The end of this semester marks one full year implementing a holistic admissions process for the on-campus bachelor’s degree program at the School of Nursing.
But what is a “holistic” process, and how does it impact students applying to the program?
What does it mean?
A holistic view of a prospective student takes into consideration their whole person, not just their grade point average (GPA) or book smarts, but also their character and skills. Practically speaking, it means applicants undergo an interview process in addition to a transcript review.
How does it work?
Many holistic admissions processes involve multiple stages that combine objective and subjective components.
Phase 1 at Boise State is the objective GPA qualification; students must meet a minimum requirement to be considered for the program. While GPA is not the sole determinant of acceptance, it does count for 40% of the admissions process.
This is an effort to set students up for success; nursing school is academically rigorous, and students need to know they’re going to be expected to work hard in the classroom.
Phase 2 is a subjective, multi-part interview stage. Students answer two written prompts to explain their motivation behind choosing the field of nursing and their interest in wider community healthcare issues.
Students also answer five questions about their skills and experiences through a video recording interview. Questions cover the topics of compassionate care, cultivating community, ethics, resiliency and professionalism. The School of Nursing chose these five components based on general characteristics they view necessary for all nurses to hold, as well as those that represent the identity of Boise State.
Why the switch?
Since nursing is a clinical profession, effective nurses require not only academic skills proven through exams, but also “soft skills” such as empathy, teachability and effective communication.
“You want your nurses to have all of these qualities,” said Candice Johnson, the School of Nursing senior business operations manager. “How do we know we’re getting that just because they have a high GPA?”
More and more nursing schools use some kind of multi-stage application process in a move away from strictly GPA-based admissions in order to assess these other kinds of skills.
The idea is that students who may not have a perfect 4.0 on their transcript may have other extraordinary qualities they can showcase in the interview process.
“I was excited for the process because before it was just numbers,” Johnson said. “By doing the interviews, [students] are able to come in and tell us why they would be the best candidates in the program.”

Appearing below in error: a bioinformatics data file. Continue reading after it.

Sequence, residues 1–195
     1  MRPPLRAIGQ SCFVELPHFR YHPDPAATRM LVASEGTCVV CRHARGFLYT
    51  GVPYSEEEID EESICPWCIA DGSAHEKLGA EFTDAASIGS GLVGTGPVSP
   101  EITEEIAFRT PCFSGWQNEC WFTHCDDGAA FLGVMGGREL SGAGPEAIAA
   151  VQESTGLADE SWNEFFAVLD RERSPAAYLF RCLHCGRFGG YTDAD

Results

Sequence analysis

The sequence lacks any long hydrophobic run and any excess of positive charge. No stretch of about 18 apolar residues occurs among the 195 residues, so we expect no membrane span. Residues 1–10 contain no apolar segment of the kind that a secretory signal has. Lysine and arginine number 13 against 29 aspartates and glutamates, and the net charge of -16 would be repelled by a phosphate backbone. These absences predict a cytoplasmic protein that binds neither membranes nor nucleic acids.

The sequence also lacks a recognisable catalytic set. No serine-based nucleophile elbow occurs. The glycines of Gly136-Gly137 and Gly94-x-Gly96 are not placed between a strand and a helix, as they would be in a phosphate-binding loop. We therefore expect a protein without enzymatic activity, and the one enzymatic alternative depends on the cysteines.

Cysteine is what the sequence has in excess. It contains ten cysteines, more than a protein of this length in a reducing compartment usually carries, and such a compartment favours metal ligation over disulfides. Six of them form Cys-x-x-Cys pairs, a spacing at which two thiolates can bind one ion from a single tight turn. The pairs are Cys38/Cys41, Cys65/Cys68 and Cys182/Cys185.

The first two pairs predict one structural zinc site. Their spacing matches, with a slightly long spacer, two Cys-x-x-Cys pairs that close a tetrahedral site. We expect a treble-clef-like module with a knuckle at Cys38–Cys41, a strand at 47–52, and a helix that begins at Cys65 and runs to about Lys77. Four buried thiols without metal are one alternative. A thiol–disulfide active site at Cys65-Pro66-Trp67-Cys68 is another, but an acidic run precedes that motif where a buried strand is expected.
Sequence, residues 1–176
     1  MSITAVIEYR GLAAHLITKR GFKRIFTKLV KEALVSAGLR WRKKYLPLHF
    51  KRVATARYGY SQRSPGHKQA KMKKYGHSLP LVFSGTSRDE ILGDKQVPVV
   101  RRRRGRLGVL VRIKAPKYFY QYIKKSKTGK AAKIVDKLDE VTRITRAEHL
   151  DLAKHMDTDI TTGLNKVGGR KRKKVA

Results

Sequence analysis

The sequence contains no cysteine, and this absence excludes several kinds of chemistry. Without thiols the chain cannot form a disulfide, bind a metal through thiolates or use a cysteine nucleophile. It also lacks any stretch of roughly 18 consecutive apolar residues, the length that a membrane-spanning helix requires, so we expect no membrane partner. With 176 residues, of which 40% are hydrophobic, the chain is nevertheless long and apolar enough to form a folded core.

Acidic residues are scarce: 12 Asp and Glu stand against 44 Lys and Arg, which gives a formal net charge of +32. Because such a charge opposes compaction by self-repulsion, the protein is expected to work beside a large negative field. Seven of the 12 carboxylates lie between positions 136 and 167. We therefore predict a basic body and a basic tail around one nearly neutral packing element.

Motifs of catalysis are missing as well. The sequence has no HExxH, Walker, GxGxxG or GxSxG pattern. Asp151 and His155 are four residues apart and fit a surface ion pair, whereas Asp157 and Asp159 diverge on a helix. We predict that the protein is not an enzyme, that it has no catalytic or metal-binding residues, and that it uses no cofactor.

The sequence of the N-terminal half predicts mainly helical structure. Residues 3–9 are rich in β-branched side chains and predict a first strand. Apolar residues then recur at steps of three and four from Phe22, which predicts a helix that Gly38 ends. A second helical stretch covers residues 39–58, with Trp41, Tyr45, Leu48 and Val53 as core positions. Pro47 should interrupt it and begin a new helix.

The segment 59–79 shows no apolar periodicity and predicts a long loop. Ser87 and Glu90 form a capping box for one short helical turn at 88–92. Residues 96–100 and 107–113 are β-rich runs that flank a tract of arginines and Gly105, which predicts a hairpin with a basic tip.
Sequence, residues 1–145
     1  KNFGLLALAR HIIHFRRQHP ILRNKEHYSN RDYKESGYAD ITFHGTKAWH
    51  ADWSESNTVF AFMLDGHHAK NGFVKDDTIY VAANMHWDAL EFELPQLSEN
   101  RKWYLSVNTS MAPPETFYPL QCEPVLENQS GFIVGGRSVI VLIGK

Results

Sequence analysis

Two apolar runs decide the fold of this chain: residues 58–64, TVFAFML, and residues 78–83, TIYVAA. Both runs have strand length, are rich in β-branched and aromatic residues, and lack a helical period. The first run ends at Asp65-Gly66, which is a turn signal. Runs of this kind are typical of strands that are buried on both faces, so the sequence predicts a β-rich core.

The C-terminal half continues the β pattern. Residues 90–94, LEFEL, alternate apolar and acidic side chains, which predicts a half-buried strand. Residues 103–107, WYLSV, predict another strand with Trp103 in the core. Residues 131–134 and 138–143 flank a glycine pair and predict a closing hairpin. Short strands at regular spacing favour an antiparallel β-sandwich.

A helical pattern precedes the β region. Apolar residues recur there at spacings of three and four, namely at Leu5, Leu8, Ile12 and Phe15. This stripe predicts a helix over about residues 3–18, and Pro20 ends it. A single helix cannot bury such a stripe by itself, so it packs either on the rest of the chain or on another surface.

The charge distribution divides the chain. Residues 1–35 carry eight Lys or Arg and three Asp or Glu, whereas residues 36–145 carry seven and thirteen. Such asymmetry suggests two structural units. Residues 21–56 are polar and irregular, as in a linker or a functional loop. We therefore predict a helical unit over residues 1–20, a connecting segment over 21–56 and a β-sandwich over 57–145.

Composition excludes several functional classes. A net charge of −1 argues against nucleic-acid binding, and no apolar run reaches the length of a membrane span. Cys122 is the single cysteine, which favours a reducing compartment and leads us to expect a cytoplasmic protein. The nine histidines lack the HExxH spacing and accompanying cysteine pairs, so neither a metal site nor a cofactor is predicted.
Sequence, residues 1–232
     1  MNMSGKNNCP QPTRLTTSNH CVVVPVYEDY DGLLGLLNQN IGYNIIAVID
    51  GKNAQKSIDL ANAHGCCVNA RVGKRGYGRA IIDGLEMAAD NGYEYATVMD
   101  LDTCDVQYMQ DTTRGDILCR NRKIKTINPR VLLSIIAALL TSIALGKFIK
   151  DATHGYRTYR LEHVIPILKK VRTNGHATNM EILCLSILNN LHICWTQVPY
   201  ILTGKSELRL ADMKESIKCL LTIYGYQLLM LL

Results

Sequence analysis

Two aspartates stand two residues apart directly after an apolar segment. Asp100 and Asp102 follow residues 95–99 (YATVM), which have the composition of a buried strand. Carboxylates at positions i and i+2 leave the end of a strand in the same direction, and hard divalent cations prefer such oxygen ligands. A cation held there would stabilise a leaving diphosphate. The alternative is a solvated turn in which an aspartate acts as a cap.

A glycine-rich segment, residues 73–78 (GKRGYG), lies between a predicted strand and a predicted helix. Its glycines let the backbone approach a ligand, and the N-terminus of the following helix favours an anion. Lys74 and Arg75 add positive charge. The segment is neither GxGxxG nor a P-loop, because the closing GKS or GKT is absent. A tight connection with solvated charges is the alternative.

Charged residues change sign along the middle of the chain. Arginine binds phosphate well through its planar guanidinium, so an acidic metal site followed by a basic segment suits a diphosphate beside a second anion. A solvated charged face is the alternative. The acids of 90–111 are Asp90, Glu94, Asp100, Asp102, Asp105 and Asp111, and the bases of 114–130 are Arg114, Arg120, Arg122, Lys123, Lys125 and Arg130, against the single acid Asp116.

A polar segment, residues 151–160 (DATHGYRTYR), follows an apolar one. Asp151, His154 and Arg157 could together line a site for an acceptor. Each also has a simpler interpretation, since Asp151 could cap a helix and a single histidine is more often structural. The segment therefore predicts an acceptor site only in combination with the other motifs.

Why should students care?
Because the on-campus nursing program is so competitive, it’s common for students to retake prerequisites multiple times in order to earn the highest grade possible. Hopefully, by lowering the emphasis on GPA, the new process will decrease this practice and save students time and money.
“For students who are taking their classes five times in order to get that GPA, it should stop that redundancy,” Assistant Professor Sarah Llewellyn said. Llewellyn sat on the faculty committee evaluating applications this year.
Additionally, the new process allows students to get a feel for what a Boise State nursing education will be like before being admitted.
In classes, faculty often encourage students not to stress out about earning perfect grades. But Llewellyn said students often push back with statements like, “If I didn’t have a 4.0 I wouldn’t get into this program, and now you’re telling me not to worry about it.”
Now, the application process more accurately reflects the Boise State School of Nursing culture and values.
“We’re sending the message that that’s part of what we want, but not the only thing we care about,” Llewellyn said. “It matters if you’re learning the material, if you’re preparing for your profession, if you’re showing professionalism and ethics.”
This glimpse into the school’s values can help students make a better-informed decision about if the school is the right fit for them.
What does this mean for the future?
Although the school finished a full year using holistic admissions, it’s still too early to assess how incoming cohorts may be affected.
“We’re going to have to wait a while to truly see a difference, because a lot of students historically didn’t apply because they knew that our admission was only one way,” Llewellyn said. “As word gets out, hopefully a few semesters down the road, we’ll see more of the true impact.”
Incorporating this comprehensive admissions process is also one way the School of Nursing aligns itself with the university’s Student Engagement and Retention Plan (SERP). And while no process is perfect, this change is an effort to improve chances for the most well-rounded nurses to enter the field at a time when they are in high demand.
The school plans on collecting data and evaluating the effectiveness of the admissions process after the third complete cycle in spring 2023.
“The strength is being able to look at the whole student and give others an opportunity that’s beyond the GPA,” Johnson said. “My biggest advice to students has always been – and is – to look at this as a job interview, and just do your very best.”